Infection The complex cascade of events that comprise the bodys response to tissue injury with the purpose of restoring cutaneous integrity occurs in the presence of various environmental factors. Any of these factors can impair the wound-healing process if they are not effectively managed or prevented. Sepsis, whether present as local bacterial colonization of the wound site or as a systemic inflammatory response, is one of the most formidable obstacles to successful wound healing. Experimentally, the crucial inoculum of microorganisms that significantly inhibits healing is 105 colony-forming units per square centimeter of wound surface or gram of tissue.154,155 In addition to appropriate antibiotic therapy, an intact, functioning immune system is vital to preventing and


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lated with increased rates of healing.9 These values can be misinterpreted, however, if factors such as liver dysfunction, sepsis, or infection are present and not taken into account. A depressed hypersensitivity reaction to intradermally injected antigens has also been established as an indicator of nutritional status.159 Feeding Wound healing has been described repeatedly in this article as a complex series of cellular and biochemical events that are dependent on energy availability. The substrates for wound-healing energy are protein, carbohydrate, fat, amino acids, and micronutrients. Specifically, it has been recommended that the calorie-to-nitrogen ratio be 120 to 150:1 during the early weeks of wound healing after severe injury; it should then be raised to 200 to 225:1 as the body shifts to a period of positive nitrogen balance.138 Patients who are malnourished before injury have increased rates of wound infection and exhibit delayed wound healing. There seems to be ample evidence that nutritional repletion before planned elective operations in malnourished patients significantly reduces these complications. The exact route of administration, whether enteral or parenteral, may be important, but the data are conflicting. Total parenteral nutrition has been shown to reduce postoperative complications when administered to severely malnourished patients for at least 7 days preoperatively.160 163 Total parenteral nutrition has many associated risks, however, not the least of which is infection. Total enteral nutrition has associated risks as well, but there is growing experimental evidence that it is superior to total parenteral nutrition as a feeding modality. Studies evaluating the route of nutrition and wound healing in rats showed that total enteral nutrition particularly influences the early stages of wound healing. In these studies, total enteral nutrition significantly increased collagen deposition and wound-breaking strength when measured within 5 days after wounding when compared with total parenteral nutrition (Fig. 4). This beneficial influence seems to disappear during the period of maximal fibroplasias, which occurs 5 to 10 days after injury. Total enteral nutrition maintains local and systemic immune responses, improves protein metabolism and survival, and preserves gut integrity, thereby decreasing bacterial translocation.164 167 As already alluded to, total enteral nutrition seems to exert a greater influence over the early cellular, inflammatory phase of wound healing than total parenteral nutrition. This cellular phase is exquisitely sensitive to nutrient availability. The influence total enteral nutrition has on systemic immune function contributes to the function and number of inflammatory cells present during early healing, ultimately affecting wound repair.168 Specific feeding regimens, however, should be tailored to individual patients. In patients who are malnourished, preoperative repletion should be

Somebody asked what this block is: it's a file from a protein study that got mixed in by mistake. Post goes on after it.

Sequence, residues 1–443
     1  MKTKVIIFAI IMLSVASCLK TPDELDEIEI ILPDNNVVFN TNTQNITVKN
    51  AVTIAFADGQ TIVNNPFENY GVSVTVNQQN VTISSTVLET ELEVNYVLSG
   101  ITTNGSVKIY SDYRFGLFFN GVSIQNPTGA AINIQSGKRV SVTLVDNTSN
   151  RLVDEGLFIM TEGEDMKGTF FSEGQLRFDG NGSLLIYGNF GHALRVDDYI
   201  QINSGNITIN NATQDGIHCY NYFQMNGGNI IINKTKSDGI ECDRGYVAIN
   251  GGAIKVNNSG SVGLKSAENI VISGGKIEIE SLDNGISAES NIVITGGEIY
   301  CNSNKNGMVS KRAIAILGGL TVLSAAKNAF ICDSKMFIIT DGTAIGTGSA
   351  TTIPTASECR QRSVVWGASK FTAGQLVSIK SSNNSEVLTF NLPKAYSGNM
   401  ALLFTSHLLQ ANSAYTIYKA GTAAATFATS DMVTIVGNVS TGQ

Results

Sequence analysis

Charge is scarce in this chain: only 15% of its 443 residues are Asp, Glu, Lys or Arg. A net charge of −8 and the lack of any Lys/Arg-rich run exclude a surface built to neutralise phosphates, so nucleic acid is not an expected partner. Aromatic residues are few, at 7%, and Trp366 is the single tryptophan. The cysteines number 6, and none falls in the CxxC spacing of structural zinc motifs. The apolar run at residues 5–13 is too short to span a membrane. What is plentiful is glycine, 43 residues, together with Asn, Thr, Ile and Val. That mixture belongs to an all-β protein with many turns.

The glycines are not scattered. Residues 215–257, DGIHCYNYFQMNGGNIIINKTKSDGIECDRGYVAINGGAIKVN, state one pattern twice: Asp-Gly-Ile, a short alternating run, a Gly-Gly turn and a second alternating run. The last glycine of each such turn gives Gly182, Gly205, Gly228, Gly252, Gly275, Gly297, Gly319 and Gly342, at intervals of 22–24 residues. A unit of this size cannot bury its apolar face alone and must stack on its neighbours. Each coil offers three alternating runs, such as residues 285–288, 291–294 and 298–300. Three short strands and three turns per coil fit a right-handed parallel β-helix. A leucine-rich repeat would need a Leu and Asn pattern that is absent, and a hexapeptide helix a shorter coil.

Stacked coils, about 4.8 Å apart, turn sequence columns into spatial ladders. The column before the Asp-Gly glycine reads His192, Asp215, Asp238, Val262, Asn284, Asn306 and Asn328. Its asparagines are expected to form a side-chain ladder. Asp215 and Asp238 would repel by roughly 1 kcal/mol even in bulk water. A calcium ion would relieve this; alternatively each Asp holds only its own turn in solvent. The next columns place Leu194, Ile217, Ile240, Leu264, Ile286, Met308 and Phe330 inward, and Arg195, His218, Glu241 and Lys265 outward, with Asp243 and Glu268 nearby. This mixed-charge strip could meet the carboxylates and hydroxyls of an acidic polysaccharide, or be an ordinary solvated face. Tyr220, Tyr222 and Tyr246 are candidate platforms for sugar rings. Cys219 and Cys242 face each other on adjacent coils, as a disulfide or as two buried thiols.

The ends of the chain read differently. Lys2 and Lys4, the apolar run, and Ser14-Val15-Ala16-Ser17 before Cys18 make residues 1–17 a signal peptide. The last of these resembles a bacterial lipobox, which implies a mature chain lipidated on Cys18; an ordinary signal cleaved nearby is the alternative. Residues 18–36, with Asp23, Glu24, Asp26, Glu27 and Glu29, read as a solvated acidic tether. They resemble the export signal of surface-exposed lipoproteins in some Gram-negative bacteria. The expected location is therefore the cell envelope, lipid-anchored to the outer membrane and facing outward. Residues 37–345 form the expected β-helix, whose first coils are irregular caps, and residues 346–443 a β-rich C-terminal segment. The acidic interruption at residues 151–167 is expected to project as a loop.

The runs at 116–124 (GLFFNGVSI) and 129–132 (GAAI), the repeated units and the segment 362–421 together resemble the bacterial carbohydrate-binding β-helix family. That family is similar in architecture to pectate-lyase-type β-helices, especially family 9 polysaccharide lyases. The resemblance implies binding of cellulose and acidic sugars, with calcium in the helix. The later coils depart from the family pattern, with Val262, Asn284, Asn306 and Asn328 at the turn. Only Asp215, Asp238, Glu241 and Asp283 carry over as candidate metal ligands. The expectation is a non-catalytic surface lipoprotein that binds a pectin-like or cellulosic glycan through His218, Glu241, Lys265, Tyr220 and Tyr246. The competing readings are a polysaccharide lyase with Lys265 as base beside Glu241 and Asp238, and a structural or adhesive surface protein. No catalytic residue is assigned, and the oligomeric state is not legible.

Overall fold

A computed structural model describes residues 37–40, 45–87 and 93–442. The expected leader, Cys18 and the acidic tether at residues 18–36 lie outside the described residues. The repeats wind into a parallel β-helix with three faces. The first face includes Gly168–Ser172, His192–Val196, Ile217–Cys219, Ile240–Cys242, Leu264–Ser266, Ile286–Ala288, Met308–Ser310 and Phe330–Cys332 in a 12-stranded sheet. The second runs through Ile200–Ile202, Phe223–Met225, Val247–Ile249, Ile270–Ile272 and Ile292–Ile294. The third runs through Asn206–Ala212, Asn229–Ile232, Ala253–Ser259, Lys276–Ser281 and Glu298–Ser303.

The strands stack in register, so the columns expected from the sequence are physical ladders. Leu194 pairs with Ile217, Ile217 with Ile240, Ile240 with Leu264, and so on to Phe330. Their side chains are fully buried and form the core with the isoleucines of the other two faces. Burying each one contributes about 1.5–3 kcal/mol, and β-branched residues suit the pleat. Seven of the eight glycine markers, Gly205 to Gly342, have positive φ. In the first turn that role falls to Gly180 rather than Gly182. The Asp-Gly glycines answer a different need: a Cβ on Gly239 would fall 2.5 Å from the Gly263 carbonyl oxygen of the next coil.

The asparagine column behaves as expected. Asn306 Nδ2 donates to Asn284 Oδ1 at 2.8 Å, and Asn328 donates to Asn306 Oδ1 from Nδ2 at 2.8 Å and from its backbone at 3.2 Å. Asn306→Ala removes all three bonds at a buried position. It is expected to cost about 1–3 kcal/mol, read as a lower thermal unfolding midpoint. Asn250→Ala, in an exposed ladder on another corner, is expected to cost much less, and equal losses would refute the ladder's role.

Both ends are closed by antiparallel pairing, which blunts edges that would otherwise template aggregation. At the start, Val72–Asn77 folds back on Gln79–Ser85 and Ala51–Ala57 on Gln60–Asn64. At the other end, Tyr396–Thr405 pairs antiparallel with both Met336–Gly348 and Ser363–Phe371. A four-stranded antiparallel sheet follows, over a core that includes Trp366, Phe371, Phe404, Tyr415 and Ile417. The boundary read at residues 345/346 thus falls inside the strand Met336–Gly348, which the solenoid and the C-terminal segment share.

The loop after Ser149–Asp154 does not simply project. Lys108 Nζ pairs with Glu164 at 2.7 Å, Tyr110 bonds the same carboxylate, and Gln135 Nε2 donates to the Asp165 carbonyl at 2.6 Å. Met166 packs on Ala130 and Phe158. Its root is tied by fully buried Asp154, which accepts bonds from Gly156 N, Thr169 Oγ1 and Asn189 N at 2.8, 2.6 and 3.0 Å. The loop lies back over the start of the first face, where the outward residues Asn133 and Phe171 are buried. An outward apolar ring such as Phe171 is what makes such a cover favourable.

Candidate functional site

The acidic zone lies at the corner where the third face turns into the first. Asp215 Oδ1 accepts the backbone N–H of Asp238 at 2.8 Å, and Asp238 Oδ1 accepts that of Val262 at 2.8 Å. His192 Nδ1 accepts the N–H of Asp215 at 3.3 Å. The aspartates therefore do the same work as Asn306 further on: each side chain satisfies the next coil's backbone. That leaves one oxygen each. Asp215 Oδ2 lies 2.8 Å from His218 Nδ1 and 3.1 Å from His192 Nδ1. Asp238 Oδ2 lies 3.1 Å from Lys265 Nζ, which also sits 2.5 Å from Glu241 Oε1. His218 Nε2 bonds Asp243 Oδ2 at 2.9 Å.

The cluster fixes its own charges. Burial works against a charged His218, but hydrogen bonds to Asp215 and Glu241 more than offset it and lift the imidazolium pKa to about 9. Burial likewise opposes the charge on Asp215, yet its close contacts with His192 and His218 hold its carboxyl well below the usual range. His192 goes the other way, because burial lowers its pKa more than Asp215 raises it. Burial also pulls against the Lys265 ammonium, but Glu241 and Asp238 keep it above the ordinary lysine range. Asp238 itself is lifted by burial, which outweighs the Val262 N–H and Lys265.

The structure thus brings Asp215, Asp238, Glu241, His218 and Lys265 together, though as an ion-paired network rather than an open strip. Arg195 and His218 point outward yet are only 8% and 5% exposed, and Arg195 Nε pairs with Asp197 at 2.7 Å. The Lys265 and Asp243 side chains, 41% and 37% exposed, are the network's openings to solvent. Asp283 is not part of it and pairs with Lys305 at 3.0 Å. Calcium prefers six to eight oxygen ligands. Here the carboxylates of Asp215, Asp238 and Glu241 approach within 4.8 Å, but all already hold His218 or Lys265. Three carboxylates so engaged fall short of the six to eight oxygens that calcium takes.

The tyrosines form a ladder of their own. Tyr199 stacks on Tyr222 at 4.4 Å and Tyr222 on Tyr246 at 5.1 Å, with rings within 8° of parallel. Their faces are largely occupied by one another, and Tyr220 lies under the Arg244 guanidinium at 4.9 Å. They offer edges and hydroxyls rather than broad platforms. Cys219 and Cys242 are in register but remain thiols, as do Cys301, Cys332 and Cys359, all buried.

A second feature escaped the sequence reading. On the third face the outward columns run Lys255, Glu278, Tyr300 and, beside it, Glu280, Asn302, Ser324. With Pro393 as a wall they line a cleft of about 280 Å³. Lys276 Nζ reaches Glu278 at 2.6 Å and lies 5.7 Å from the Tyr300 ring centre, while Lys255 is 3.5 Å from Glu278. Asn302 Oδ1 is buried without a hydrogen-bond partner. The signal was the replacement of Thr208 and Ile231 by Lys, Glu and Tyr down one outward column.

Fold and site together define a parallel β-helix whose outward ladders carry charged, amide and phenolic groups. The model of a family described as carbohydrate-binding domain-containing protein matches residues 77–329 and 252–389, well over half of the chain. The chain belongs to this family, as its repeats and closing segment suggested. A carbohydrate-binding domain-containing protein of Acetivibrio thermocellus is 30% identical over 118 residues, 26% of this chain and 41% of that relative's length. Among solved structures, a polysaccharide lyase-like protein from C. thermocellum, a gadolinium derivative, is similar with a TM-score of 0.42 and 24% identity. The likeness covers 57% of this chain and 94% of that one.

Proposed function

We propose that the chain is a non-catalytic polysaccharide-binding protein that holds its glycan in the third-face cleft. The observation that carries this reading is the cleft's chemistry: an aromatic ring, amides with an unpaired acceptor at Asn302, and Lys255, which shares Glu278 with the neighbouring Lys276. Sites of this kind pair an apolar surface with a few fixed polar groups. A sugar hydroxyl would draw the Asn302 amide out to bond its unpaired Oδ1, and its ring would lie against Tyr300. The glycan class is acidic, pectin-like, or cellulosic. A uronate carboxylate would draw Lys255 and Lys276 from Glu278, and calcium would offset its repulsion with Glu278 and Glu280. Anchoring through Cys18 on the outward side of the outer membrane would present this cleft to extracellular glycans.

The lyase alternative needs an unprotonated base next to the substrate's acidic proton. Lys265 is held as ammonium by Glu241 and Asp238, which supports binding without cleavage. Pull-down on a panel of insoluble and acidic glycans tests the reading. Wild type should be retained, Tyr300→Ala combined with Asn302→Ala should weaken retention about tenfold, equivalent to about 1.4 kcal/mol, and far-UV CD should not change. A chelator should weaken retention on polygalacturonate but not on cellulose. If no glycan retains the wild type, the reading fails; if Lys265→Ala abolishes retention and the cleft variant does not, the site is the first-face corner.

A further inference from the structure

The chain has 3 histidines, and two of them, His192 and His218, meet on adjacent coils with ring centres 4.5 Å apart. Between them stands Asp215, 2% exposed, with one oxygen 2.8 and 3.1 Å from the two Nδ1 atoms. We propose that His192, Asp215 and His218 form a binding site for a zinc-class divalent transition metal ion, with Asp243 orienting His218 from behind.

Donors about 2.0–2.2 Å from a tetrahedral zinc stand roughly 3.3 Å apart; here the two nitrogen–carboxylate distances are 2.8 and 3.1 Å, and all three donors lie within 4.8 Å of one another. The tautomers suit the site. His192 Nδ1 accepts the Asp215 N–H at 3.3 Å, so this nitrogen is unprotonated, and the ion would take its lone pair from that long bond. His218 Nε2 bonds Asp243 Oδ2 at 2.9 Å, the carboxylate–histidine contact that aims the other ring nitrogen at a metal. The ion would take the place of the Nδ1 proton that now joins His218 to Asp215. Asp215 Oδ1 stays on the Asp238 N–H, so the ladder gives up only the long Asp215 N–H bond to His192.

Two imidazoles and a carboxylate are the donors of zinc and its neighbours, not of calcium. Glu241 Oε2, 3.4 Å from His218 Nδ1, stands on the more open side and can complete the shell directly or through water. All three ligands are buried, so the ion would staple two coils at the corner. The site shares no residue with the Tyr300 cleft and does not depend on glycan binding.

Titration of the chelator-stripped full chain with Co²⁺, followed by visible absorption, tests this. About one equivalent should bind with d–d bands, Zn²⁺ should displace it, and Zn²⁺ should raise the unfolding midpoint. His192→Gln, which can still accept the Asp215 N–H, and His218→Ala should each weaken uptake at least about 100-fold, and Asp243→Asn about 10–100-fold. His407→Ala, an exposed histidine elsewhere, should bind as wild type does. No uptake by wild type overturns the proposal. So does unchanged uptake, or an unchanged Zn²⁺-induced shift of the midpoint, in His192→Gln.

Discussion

Fig. 4. Wound-breaking strength (g, mean SEM) and hydroxyproline content ( g/100 mg sponge, mean SEM) of the sponge granulomas in enterally [total enteral nutrition (open square)] and parenterally [total parenteral nutrition (striped square)] fed animals.


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accomplished by the route that exposes the patient to the least risk, and if possible, elective operations should be delayed until the patient is satisfactorily supplemented. In patients who are not likely to take nutrition orally, total parenteral nutrition should be initiated early. The nutritional supplement should be as specific as possible to the patients perceived nutritional deficiency, and substrates that are turned over rapidly (e.g., arginine) should be included. Because even brief periods of malnutrition can have significant negative effects on wound healing, nutritional deficiencies must be recognized early and repletion initiated as soon as possible. rations and its use is generally only indicated for less than 7 days.173 Serum protein markers are the best way to assess the adequacy of nutritional supplementation, as conventional methods, such as daily weight, may not be accurate in critically ill patients. While albumin is commonly used as a preoperative marker of nutritional, its half-life of 18 to 21 days precludes its use as an effective daily indicator of improvements in nutritional status. Prealbumin (half-life, 3 to 5 days) and transferrin (half-life, 7 to 10 days) should be monitored weekly in patients receiving enteral or parenteral nutritional support. Beyond the basic understanding that general nutritional support is critical for optimal wound healing, many questions remain about the specific type of supplementation that should be used. Although glutamine and arginine have been shown to have beneficial effects on wound healing in animal models and in healthy volunteers, their clinical significance has yet to be proven. We cannot, therefore, recommend their general use in severely injured or postsurgical patients. Supplemental vitamin C appears to have beneficial effects in burn healing, whereas vitamin A is best reserved for those patients who have required long-term corticosteroid therapy. Zinc and iron supplementation, on the other hand, are best reserved for those with preexisting deficiency states.